On the 1st of February, we were joined by two current Masters students, Lizzie English (MBiol) and Lydia Kitchen (MScR), who work in Paul Chazot’s lab at Durham University. As outlined by Lizzie, Despite dissimilar research topics, both students use the model organism Drosophila Melanogaster. As outlined by Lizzie, benefits of Drosophila as a model organism include its few ethical restrictions, short lifespan and easily modifiable genetics. Additionally, structures surrounding the brain (the skull and cerebrospinal fluid in humans) are closely paralleled in flies (the exoskeleton and haemolymph). This makes the fly a good model of neuro trauma.
Lizzie was first to discuss her 9-week project, entitled ‘Development of Drosophila model for repetitive concussions in sportspeople to evaluate a rational treatment for post-concussion syndrome (PCS)’. PCS is defined as concussion symptoms persisting for over three months after the initial head impact and is particularly problematic for rugby players, who face risks of early-onset neurodegeneration. This video (https://www.youtube.com/watch?v=AZBrLi608Z8) makes clear some of the reasons why a better understanding of PCS is important for developing potential treatment drugs.
To investigate PCS in the fly, Lizzie designed a device to deliver varying impact intensities to flies (see diagram). After the impact, she used a range of locomotion and biochemical assays to assess its effects. These included measuring how quickly treated flies were able to climb up a tube compared to control flies. Western blots look for markers of inflammation or axonal damage. Additionally, a survival assay records how many of the flies survived the trauma. Together, these assays provided insight into the efficacy of the fly as a model and allowed the optimal angle of release to be selected.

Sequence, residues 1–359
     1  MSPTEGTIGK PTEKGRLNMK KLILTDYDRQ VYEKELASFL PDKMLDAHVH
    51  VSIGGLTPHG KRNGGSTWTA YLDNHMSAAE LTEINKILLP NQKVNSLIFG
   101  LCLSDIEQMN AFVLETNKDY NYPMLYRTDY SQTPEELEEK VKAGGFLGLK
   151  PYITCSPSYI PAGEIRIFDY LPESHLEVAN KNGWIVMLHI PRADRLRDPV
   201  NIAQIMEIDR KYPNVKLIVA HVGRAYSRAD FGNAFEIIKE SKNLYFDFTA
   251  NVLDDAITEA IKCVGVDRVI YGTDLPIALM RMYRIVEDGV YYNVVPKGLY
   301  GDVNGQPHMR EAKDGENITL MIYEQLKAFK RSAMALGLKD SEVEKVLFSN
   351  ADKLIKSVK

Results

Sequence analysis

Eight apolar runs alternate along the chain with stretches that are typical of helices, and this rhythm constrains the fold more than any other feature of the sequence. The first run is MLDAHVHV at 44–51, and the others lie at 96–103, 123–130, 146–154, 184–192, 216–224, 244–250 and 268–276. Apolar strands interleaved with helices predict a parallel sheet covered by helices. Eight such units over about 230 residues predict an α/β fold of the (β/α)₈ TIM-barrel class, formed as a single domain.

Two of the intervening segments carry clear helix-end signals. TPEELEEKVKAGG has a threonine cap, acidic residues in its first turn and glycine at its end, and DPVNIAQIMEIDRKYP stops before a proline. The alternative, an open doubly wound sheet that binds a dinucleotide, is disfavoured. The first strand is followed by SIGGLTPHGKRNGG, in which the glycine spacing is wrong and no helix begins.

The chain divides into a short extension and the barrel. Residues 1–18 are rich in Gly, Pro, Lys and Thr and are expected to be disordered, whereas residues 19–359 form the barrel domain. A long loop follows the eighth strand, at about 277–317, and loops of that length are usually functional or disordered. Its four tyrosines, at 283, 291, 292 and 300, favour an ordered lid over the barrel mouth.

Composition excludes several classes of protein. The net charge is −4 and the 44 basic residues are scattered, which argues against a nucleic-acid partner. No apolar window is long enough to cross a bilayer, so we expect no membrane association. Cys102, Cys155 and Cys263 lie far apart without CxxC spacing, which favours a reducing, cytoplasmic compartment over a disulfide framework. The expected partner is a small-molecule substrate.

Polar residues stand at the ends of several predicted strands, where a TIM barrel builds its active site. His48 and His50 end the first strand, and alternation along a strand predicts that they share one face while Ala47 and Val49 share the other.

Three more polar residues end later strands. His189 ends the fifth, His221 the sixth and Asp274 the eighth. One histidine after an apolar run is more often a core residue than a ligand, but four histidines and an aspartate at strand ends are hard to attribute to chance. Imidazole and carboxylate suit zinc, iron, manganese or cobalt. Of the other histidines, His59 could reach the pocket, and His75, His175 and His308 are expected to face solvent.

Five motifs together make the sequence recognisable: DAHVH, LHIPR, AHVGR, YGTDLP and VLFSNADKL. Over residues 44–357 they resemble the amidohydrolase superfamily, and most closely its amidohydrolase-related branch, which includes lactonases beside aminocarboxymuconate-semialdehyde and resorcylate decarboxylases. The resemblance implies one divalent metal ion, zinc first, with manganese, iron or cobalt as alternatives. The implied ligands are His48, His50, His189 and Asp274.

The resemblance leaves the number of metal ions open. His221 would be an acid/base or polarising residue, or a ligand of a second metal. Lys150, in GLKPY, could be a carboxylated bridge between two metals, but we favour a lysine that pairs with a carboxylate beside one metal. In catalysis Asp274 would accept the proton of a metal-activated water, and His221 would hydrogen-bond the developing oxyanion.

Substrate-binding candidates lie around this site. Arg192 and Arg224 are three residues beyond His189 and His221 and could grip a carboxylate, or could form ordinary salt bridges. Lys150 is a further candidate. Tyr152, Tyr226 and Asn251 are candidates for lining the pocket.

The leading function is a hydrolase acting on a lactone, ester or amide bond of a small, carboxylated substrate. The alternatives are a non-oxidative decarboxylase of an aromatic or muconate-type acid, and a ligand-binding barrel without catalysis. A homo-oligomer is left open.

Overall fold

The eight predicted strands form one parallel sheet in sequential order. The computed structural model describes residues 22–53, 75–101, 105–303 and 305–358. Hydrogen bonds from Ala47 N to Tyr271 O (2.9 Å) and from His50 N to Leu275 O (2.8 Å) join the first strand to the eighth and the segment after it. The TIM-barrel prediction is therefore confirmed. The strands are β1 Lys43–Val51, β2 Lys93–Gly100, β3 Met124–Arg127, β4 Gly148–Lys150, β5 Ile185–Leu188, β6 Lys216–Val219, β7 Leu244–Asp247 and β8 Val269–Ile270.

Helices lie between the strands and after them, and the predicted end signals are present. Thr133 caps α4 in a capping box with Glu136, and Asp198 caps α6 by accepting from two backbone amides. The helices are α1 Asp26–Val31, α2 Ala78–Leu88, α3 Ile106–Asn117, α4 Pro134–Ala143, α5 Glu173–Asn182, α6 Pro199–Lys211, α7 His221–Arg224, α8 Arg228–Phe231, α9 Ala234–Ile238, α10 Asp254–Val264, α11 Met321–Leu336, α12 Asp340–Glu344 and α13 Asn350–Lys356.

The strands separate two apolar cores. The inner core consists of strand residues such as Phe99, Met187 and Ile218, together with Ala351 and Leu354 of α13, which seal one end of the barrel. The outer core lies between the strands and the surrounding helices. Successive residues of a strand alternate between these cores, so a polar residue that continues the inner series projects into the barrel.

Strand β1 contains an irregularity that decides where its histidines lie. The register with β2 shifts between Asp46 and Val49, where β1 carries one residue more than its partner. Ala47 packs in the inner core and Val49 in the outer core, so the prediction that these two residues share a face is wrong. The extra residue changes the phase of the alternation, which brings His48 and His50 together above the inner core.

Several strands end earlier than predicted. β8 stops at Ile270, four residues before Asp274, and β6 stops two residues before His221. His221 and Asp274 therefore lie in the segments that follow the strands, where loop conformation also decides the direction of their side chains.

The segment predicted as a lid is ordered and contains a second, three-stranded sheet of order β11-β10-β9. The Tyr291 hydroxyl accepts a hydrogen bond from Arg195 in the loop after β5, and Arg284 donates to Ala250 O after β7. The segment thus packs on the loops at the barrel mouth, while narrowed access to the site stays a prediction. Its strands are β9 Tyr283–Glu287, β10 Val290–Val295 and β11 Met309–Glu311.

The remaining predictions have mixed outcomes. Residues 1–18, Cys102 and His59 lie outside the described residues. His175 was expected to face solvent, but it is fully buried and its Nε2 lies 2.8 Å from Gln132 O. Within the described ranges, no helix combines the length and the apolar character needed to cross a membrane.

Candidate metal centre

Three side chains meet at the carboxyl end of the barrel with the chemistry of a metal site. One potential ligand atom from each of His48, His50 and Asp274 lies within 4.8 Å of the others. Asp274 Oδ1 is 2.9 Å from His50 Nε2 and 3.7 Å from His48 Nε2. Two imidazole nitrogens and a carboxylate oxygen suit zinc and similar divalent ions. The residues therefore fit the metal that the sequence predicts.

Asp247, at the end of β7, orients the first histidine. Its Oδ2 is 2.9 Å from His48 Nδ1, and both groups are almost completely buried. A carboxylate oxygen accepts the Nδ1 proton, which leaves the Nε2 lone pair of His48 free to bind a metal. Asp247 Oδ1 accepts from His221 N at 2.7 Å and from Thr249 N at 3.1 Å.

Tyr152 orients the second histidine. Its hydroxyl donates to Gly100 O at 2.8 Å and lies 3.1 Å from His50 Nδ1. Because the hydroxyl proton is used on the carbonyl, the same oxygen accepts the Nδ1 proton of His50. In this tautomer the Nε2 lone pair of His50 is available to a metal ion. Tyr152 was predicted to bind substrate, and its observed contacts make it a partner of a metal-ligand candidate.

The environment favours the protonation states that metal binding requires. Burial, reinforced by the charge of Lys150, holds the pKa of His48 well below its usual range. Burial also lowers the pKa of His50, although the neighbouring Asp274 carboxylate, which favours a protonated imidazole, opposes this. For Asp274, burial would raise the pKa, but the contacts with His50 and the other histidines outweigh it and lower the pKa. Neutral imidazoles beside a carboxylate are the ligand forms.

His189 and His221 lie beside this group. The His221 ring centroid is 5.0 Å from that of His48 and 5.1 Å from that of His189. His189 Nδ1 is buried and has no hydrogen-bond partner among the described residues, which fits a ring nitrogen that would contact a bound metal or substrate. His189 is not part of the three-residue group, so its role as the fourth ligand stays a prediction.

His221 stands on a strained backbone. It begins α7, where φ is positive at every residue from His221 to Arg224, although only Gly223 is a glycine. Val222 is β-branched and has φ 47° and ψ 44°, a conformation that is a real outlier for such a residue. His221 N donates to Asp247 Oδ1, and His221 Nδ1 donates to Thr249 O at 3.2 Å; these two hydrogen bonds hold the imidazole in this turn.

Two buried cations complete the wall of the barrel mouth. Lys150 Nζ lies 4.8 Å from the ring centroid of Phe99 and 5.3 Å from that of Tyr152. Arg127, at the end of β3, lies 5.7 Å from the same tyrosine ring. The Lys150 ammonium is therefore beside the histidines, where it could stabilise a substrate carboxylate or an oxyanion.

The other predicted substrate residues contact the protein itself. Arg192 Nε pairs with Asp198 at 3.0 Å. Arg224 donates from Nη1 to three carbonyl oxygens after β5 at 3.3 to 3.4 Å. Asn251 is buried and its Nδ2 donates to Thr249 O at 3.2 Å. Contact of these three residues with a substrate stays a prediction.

The second part of the project involved applying a test PCS drug and assessing whether this led to any outcome improvements, as measured through the aforementioned assays plus additional behavioural tests. We eagerly await the final results of these experiments! It was also very interesting to see how the project was carefully scheduled to maximise the quantity and quality of data collection over just nine weeks.
Secondly, Lydia Kitchen described her longer project, entitled ‘Photobiomodulation approach for COVID-19 treatment in Drosophila melanogaster: validation and mechanism’. The therapy involves using light wavelengths in the visible and near infrared spectra to penetrate tissues. It is thought that this may have neuroprotective effects, which could benefit COVID-19 patients since the disease is associated with a range of neurological symptoms, such as anosmia (loss of smell), delirium and stroke. Several pathways are thought to be involved. In particular, the absorption of light photons by mitochondria is known to lead to the activation of cytochrome c oxidase and commence a signalling pathway which alters mitochondrial functioning. To model the disease in Drosophila, Lydia plans to treat their food with the SARS-CoV-2 spike peptide; however, the project to date has focused on how the treatment affects WT controls, comparing light-treated to control-treated groups. Three assays have so far been used, assessing the flies lifespan curves, motor activity and the levels of reactive oxygen and nitrogen species. Future work will use biochemical assays to investigate how the SARS-CoV-2 spike peptide induces an immune response.